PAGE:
There is a great difference in excellency, usefulness, and comfort between people of clear, digested knowledge, and confused, undigested apprehensions. -Richard Baxter

means test

The LORD has strident words for Israel (the Northern Kingdom) through Hosea, but, at least in 1:7, the words for Judah (the Southern Kingdom) were conciliatory: mercy would still come Judah’s way in the way of deliverance from external forces. But the promise of deliverance would be, the LORD says, through unconventional means. Not by military prowess would Judah escape the imperialistic aspirations of Assyria.

It may be trying too hard to make a principle of a slight phrase, but I think there’s something to learning to trust God through unconventional means of accomplishing His purposes. There’s something to resting in a subtler sovereignty–to resting in something beyond my control. But there’s also knowing that He may very well employ means more familiar to us to bring Him glory and us good. What I tried to say yesterday, among other things, was that wisdom entails a respect for both His conventional and unconventional manner of doing His will.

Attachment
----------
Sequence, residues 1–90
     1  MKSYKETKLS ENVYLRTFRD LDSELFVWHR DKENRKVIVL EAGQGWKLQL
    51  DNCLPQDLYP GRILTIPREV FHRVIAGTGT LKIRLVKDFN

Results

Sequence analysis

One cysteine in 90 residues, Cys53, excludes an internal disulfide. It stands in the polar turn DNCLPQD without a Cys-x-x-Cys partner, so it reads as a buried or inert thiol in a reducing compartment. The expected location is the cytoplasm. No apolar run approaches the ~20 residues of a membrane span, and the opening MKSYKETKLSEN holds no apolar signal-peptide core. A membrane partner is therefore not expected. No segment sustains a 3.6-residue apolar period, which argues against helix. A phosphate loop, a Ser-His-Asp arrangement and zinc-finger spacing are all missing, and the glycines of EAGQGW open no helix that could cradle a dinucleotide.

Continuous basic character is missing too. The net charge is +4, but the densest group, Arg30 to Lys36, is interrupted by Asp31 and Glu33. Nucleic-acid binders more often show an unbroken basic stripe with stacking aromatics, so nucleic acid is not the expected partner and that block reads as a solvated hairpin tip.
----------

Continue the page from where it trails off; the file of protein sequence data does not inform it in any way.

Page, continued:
One pastor fleshes out this principle of, yes, employing conventional means of doing as the Lord commands, but not trusting in those means. The first time I heard the distinction I concluded he was making a distinction that’s impossible to abide by in real life. But perhaps there is a way to use conventional means while not trusting in them. Can you think of domains–or even experiences–in which you see this distinction borne out? Do share!

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